I’ve accumulated a bunch of stuff. Won’t have a bunch of posts for the next 10 days or so, but check back once in a while or check your RSS reader. By the way–subscribe to the comments as well as the main feed. Sometimes they get interesting.
I’m not sure how many people receive Jim Pinto’s newsletter, but I’ll put in my analysis for those who do. I guess Jim attended an analyst meeting regarding automation companies recently. One of the analysts (I wonder how they get hired sometimes) heard GE’s CEO Jeff Immelt say that he was interested in acquiring industrial companies and suggested that perhaps Immelt meant Rockwell Automation. Pinto thought that was good, partly because he thinks Rockwell needs to be purchased and partly because GE would give it broader distribution in China.
I (non-analyst that I am) believe that when Immelt said industrial that he was talking about companies that make things that would also fit within the GE portfolio. The hot areas right now involve power and energy plus medical devices. GE has significant investments in manufacturing in those arenas, and I would expect to see some acquisitions to expand its reach there. GE would be looking for acquisitions poised for growth. Specifically, I’d expect more in wind turbines and the electric grid.
Now if I knew everything I’d be rich, then I’d be like Jim and writing for fun instead of trying to make a living (wait a minute, this blog is for fun, oh well). But a $5 billion automation company may not be the best play right now. Plus the stock has rallied since March more than doubling its worth. The window for purchase was last spring. By the way, Pinto also cites an uptick of RA stock since the meeting. But it’s been growing for eight months now. By the way, as has ABB’s and Emerson’s.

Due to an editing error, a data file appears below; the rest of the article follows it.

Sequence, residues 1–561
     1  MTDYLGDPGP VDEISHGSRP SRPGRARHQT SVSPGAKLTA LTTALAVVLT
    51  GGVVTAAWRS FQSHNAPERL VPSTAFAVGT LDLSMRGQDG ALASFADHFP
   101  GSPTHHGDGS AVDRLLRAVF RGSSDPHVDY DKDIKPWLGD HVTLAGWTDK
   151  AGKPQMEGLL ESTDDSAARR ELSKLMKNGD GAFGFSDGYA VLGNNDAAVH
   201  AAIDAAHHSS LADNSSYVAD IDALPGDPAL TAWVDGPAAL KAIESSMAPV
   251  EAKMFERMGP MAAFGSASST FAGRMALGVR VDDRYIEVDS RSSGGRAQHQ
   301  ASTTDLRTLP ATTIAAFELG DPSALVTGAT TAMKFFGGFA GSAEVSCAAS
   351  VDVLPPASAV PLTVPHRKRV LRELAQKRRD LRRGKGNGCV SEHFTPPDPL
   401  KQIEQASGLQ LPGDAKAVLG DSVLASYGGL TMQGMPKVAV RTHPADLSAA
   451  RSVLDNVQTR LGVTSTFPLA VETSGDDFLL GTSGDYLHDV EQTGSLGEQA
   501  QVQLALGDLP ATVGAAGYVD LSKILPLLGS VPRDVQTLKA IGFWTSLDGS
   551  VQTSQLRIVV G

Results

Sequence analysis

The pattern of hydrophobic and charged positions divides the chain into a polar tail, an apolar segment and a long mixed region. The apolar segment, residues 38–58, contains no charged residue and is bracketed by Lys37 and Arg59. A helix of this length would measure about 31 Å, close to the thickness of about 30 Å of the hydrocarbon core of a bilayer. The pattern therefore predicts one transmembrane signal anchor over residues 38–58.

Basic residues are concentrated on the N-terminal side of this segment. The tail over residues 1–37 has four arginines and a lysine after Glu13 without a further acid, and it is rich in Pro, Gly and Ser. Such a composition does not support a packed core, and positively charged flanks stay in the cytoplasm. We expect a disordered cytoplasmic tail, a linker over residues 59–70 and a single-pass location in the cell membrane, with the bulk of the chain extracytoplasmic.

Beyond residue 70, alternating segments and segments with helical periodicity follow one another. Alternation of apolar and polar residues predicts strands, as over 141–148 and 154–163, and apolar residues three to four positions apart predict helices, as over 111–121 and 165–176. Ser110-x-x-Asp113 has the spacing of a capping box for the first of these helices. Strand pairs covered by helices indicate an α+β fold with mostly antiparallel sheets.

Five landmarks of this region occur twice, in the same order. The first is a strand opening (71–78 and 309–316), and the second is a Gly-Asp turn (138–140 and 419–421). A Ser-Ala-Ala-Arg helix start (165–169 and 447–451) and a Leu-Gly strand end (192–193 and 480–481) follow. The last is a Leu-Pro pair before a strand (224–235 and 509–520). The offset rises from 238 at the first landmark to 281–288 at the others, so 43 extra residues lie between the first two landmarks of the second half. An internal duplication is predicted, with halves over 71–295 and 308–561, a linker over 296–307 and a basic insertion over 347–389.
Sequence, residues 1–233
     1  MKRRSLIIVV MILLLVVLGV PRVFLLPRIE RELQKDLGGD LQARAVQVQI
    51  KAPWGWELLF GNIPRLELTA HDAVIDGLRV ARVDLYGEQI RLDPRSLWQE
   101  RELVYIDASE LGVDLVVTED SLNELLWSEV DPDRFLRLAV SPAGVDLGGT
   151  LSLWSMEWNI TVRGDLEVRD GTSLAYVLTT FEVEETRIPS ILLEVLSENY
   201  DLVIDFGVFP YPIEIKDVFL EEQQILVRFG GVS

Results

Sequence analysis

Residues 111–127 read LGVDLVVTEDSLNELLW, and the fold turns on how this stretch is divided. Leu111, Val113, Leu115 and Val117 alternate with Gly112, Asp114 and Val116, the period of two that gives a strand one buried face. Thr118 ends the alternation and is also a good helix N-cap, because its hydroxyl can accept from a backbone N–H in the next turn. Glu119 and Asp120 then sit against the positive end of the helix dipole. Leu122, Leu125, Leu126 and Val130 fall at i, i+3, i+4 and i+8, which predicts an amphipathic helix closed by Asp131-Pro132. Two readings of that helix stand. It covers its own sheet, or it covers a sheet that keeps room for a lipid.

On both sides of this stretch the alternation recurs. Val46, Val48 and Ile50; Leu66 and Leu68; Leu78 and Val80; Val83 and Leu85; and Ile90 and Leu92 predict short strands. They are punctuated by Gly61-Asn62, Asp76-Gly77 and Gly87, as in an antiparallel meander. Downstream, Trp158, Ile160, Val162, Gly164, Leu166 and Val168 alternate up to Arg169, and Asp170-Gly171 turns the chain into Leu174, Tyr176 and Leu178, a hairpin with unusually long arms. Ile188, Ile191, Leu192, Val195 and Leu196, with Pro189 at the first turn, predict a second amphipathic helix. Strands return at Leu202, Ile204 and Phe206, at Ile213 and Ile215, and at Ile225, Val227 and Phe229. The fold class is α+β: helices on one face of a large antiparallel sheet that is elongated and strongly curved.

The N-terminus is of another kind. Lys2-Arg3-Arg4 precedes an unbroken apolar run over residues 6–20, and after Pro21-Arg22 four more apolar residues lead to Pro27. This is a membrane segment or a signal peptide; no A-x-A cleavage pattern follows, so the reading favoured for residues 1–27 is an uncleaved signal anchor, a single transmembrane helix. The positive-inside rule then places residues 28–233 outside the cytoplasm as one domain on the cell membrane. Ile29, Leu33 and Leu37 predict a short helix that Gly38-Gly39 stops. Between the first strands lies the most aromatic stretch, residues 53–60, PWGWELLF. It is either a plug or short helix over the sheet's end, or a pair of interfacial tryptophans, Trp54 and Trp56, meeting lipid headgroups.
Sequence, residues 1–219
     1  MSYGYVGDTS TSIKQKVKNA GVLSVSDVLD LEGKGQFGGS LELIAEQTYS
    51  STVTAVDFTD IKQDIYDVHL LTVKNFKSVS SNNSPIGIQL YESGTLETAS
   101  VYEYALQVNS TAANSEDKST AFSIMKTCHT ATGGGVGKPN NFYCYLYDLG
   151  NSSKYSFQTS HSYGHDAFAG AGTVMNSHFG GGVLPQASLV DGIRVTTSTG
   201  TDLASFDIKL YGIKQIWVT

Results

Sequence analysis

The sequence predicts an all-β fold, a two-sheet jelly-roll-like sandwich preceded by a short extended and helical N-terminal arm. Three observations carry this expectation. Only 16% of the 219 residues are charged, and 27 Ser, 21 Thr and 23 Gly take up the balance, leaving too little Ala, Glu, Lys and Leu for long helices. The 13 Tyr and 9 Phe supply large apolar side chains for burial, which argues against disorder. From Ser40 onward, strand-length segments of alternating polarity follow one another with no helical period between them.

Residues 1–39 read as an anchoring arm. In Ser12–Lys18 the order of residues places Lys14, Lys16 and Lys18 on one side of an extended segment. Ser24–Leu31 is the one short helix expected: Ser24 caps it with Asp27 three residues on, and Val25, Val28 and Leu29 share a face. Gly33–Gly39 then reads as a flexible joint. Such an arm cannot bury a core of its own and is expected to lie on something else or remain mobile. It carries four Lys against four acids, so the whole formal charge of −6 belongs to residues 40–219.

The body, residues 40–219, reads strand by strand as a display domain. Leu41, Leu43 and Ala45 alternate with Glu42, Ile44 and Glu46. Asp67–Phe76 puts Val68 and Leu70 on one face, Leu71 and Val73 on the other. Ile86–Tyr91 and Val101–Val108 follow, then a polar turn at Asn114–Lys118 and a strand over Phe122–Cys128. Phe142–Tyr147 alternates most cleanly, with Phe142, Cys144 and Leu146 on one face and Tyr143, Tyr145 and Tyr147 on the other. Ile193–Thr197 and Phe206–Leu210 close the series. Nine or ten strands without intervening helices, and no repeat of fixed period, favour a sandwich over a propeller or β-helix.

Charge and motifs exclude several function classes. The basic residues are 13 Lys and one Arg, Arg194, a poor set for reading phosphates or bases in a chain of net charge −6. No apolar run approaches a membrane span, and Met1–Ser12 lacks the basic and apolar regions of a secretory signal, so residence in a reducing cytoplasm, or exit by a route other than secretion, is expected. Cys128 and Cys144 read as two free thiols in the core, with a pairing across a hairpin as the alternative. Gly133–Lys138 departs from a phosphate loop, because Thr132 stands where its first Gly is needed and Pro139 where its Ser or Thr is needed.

And, oh yes, GE has an automation company–GE Intelligent Platforms–that supplies much of the parent’s automation needs. As for distribution–automation distribution is a far cry from turbine and appliance distribution.
Usually Jim and I agree, but we don’t on Rockwell. I follow more the ideas of an investment banker whom I recently talked with who admires Rockwell for its sound cash management policies. It’s not a buy and flip stock where you try to make big bucks on growth. It’s more of a conservative buy and take the dividends. (Disclosure: If I have any ROK, it’s buried somewhere deep in the funds I have. I don’t trade in automation stocks. And I definitely don’t advise people, even me, on stocks.)
I see that Invensys Operations Management is still coming together, but it’s getting there. A new Website has popped up I guess I’d go with the majority of people I’ve talked with outside the company–the new logo doesn’t do anything for me. But the new site brings together all the disparate parts that they are trying to merge.
I talk often about standards in automation. The last 18 months or more have seen more than its share of discussion about wireless standard development — WirelessHart and ISA100 especially. I think standards help an industry move forward, because people can start to develop products or write code around them and users gain some assurance that the technology will stay around a little while and applications will interoperate. On the other hand, I always saw the wisdom of Ken Spenser who was at the time CEO of Think&Do software–“The best standards are de facto standards.” Here is a blog post by Dave Winer on the subject. He is concerned with the “high tech” world, but the ideas are applicable here. What do you think?
Volkswagen the new GM?
Here’s a post by Bill Waddell over at Emerging Excellence analyzing recent moves of Volkswagen. I agree with much of what he says. But I’d add a question — can companies become so large and complex that they simply can’t be managed any longer and must be pruned in order to prepare for new growth?